18 Jul Banksy
Banksy, is a pseudonymous English graffiti artist, political activist, film director, and painter.
|Born||Real name: unknown
Date of birth: unknown
Bristol underground scene
|Awards||Toronto Film Critics Association Awards – Best First Feature 2010
Independent Spirit Award for Best Documentary Feature
Washington D.C. Area Film Critics Association – Best Documentary Film 2010
His satirical street art and subversive epigrams combine dark humor with graffiti executed in a distinctive stenciling technique. His works of political and social commentary have been featured on streets, walls, and bridges of cities throughout the world.
Banksy’s work grew out of the Bristol underground scene, which involved collaborations between artists and musicians. Observers have noted that his style is similar to Blek le Rat, who began to work with stencils in 1981 in Paris. Banksy says that he was inspired by “3D”, a graffiti artist who later became a founding member of Massive Attack, an English musical group.
Banksy displays his art on publicly visible surfaces such as walls and self-built physical prop pieces. Banksy does not sell photographs or reproductions of his street graffiti, but art auctioneers have been known to attempt to sell his street art on location and leave the problem of its removal in the hands of the winning bidder. Banksy’s first film, Exit Through the Gift Shop, billed as “the world’s first street art disaster movie”, made its debut at the 2010 Sundance Film Festival. The film was released in the UK on 5 March 2010. In January 2011, he was nominated for the Academy Award for Best Documentary for the film. In 2014, he was awarded Person of the Year at the 2014 Webby Awards.
Early career (1992–2001)
Banksy began as a freehand graffiti artist in 1990–1994 as one of Bristol’s DryBreadZ Crew (DBZ), with Kato and Tes. He was inspired by local artists and his work was part of the larger Bristol underground scene with Nick Walker, Inkie and 3D. During this time he met Bristol photographer Steve Lazarides, who began selling Banksy’s work, later becoming his agent. From the start Banksy used stencils as elements of his freehand pieces, too. By 2000 he had turned to the art of stenciling after realising how much less time it took to complete a work. He claims he changed to stenciling while he was hiding from the police under a rubbish lorry, when he noticed the stencilled serial number and by employing this technique, he soon became more widely noticed for his art around Bristol and London. He played football with the Easton Cowboys and Cowgirls in the 1990s and toured with the club to Mexico in 2001. Banksy’s first known large wall mural was “The Mild Mild West” painted in 1997 to cover advertising of a former solicitors’ office on Stokes Croft in Bristol. It depicts a teddy bear lobbing a Molotov cocktail at three riot police.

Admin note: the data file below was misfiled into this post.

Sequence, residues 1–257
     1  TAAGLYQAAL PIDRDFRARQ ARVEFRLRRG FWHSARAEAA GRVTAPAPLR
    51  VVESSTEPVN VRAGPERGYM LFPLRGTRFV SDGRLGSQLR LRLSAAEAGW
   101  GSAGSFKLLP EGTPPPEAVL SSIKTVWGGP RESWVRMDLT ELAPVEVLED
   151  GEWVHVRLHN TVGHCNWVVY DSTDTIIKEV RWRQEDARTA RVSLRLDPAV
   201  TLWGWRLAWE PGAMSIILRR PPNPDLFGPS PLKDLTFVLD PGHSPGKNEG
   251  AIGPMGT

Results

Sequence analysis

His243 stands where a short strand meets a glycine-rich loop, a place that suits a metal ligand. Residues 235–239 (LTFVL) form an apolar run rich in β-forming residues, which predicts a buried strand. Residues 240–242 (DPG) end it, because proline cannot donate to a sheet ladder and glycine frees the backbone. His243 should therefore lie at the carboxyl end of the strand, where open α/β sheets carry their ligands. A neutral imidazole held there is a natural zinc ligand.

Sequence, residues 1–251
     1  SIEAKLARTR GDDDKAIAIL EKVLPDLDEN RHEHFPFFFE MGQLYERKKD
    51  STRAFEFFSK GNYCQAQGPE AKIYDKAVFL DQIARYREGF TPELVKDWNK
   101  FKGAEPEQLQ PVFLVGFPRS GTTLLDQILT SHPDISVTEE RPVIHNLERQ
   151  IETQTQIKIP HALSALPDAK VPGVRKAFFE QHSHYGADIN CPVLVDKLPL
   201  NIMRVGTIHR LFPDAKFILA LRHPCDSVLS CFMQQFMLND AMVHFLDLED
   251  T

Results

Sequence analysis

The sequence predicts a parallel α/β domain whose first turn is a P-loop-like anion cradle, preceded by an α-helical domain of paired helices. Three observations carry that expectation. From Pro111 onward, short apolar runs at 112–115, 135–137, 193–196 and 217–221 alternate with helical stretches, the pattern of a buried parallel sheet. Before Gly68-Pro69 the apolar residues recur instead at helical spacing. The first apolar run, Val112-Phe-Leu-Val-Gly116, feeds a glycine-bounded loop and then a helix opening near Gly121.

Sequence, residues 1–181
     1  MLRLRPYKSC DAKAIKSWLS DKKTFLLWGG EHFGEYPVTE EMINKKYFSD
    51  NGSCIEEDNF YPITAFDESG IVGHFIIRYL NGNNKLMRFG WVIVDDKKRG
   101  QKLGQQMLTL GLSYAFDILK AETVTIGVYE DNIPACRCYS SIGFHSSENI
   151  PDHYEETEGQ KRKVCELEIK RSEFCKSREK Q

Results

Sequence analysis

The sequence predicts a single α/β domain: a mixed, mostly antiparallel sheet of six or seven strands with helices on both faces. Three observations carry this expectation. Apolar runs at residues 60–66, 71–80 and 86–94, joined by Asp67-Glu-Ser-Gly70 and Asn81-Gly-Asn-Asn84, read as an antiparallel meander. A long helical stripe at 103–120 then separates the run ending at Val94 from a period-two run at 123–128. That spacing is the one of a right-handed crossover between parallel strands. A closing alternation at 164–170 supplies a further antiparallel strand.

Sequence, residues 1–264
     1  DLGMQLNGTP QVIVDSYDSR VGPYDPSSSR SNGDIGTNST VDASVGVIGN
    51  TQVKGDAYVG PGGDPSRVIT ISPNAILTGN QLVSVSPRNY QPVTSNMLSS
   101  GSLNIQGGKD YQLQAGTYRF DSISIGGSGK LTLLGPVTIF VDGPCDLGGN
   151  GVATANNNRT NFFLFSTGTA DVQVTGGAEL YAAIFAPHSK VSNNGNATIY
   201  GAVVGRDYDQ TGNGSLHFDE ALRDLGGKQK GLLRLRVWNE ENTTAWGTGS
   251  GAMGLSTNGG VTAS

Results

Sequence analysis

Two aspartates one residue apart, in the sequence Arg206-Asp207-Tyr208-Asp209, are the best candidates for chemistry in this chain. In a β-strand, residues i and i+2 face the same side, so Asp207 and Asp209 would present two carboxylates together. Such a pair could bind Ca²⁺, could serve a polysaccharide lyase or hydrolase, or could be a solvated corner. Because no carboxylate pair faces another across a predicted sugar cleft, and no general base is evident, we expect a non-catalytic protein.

Banksy’s stencils feature striking and humorous images occasionally combined with slogans. The message is usually anti-war, anti-capitalist or anti-establishment. Subjects often include rats, apes, policemen, soldiers, children, and the elderly.
In July 2011 one of Banksy’s early works, Gorilla in a Pink Mask, which had been a prominent landmark on the exterior wall of a former social club in Eastville for over ten years, was unwittingly painted over after the premises became a Muslim cultural centre.
On 19 June 2002, Banksy’s first Los Angeles exhibition debuted at 331⁄3 Gallery, a tiny Silver Lake venue owned by Frank Sosa. The exhibition, entitled Existencilism, was curated by 331⁄3 Gallery, Malathion LA’s Chris Vargas, Funk Lazy Promotions’ Grace Jehan, and B+.
In 2003, at an exhibition called Turf War, held in a London warehouse, Banksy painted on animals. At the time he gave one of his very few interviews, to the BBC’s Nigel Wrench. Although the RSPCA declared the conditions suitable, an animal rights activist chained herself to the railings in protest. An example of his subverted paintings is Monet’s Water Lily Pond, adapted to include urban detritus such as litter and a shopping trolley floating in its reflective waters; another is Edward Hopper’s Nighthawks, redrawn to show that the characters are looking at a British football hooligan, dressed only in his Union Flag underpants, who has just thrown an object through the glass window of the cafe. These oil paintings were shown at a twelve-day exhibition in Westbourne Grove, London in 2005.
Banksy, along with Shepard Fairey, Dmote and others created work at a warehouse exhibition in Alexandria, Sydney for Semi-Permanent in 2003. Approximately 1,500 people attended.